Qantas rattled the web when it announced last night that it will be changing the way it measures and tallies its frequent flyer point system.
The term “Qantas Frequent flyers” topped Google search trends this morning, the topic has started to trend on Twitter, and now the media is hounding Qantas for comment on why it’s changing the program.
With over nine million members invested in the Qantas Frequent Flyer loyalty program for the sake of funding free flights or seat upgrades, it’s easy to understand why so many people are interested in the matter.
The airline is calling the new plan a “fairer system”, saying that it’s now allocating points based on how much you pay, rather than on how far you travel. But in effect, the airline is also using its frequent flyer program as a carrot to incentivise consumers into opting to pay higher fares for the same flight.
The ongoing war between Qantas and Virgin for rule over Australia's domestic aviation market has seen discount fares plummet to record lows. Meanwhile, non-discount fares have increased.
It’s fair to assume that where possible, the vast majority of consumers would currently opt for a lower fare for an economy seat where given the choice, happily waiving the flexibility privileges incorporated into Qantas’s premium fare for economy seats on the same flight.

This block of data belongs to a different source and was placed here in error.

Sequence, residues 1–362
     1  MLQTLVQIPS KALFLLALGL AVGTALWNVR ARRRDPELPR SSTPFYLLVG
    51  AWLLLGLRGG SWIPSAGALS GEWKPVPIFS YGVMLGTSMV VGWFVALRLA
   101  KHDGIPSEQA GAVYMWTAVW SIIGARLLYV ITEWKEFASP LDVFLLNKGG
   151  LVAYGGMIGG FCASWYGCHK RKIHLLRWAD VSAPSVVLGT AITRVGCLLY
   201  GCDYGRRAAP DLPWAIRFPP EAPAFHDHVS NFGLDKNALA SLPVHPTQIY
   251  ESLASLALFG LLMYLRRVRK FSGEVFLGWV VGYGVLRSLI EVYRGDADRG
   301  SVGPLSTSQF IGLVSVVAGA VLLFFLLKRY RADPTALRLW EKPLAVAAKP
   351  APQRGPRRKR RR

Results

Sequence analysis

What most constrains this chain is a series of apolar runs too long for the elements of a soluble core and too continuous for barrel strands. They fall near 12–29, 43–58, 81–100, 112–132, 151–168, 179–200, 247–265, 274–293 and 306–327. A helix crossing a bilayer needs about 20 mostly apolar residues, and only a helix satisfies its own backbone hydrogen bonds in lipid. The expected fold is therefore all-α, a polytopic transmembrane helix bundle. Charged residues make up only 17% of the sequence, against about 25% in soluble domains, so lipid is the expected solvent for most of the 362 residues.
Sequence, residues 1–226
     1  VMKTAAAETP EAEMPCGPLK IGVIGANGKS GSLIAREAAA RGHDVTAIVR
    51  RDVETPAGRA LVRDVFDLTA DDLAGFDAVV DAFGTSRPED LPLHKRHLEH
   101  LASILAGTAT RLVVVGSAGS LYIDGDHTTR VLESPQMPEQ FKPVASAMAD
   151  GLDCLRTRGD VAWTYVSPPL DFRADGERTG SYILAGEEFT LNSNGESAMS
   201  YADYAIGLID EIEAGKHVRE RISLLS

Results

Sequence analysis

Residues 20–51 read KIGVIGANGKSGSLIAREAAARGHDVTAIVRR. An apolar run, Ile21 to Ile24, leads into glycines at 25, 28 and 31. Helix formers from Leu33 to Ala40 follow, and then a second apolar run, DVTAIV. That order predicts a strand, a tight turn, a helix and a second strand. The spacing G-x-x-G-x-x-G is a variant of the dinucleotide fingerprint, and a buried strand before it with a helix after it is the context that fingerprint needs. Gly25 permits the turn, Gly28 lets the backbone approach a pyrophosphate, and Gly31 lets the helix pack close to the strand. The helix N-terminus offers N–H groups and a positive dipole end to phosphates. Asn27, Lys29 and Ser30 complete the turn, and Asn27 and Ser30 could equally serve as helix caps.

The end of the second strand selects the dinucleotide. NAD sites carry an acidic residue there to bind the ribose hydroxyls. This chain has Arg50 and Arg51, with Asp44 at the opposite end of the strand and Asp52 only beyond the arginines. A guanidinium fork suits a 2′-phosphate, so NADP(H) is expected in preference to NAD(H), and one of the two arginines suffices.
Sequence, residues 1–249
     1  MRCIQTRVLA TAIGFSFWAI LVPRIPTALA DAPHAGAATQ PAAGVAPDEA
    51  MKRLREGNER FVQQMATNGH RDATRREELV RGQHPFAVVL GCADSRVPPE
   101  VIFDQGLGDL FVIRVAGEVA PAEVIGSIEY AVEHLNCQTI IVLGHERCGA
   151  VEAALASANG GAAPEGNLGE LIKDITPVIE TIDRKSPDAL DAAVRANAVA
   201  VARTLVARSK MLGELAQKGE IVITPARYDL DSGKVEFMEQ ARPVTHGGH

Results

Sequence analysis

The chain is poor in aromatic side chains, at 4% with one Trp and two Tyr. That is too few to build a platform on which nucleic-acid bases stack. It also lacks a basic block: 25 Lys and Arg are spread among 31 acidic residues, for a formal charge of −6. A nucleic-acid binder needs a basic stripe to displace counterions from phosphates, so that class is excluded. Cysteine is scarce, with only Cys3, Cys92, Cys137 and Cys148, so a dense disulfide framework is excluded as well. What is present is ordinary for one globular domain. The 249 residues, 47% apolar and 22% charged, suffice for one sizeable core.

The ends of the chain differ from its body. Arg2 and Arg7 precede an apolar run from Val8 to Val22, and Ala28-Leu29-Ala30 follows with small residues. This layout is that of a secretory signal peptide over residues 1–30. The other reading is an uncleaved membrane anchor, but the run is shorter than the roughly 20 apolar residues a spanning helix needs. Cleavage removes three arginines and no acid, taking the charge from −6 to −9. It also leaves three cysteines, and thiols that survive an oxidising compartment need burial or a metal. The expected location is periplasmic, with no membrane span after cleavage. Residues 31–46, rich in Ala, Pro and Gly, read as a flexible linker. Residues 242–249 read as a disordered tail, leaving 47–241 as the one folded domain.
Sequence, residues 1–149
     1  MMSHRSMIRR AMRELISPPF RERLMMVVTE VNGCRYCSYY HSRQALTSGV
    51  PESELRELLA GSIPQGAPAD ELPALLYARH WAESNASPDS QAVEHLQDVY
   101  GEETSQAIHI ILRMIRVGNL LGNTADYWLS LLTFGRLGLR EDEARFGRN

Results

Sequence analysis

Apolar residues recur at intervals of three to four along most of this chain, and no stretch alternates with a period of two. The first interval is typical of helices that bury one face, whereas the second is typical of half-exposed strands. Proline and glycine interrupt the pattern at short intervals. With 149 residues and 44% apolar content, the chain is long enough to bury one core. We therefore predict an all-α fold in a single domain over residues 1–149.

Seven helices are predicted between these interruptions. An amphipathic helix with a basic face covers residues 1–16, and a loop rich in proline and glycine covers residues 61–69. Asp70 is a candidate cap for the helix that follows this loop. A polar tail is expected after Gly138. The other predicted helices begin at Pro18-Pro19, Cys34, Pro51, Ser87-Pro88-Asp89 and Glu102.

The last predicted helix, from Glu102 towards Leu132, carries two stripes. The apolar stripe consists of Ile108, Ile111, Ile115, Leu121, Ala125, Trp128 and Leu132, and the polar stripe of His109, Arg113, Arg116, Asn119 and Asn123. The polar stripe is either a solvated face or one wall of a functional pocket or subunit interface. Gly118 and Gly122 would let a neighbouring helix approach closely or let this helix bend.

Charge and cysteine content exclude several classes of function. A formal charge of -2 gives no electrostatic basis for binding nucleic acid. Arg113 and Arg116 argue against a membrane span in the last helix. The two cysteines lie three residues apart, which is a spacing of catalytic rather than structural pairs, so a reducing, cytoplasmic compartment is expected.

These typically include the ability to change the name of the passenger boarding the flight and the ability to reschedule the flight without losing the fare.
By repositioning its rewards program, Qantas is aiming to give its customers that extra incentive to pay higher fares, both for its economy and business class seats. For example, check out how the point allocation will change for flights between Sydney and Perth - and also note the various fares listed below.
The Frequent Flyer move is a bit of a gamble. As many on Twitter pointed out today, customers now opting for Qantas over Virgin often do so because of its rewards program. Tampering with it could sway some passengers towards Qantas’ rival.
It’s also one section of Qantas’ business that is showing strong signs of growth, which adds an extra layer of risk to this decision.
But if the move works as intended, it could help Qantas buck a trend of falling airfare prices and raise the amount of revenue from passenger fares without the airline having to add on seats and services.
Ultimately, the move hinges on one question: Would you pay a higher airfare to attain more points?
What do you think? Leave a comment below or contact the reporter @HarrisonPolites on Twitter.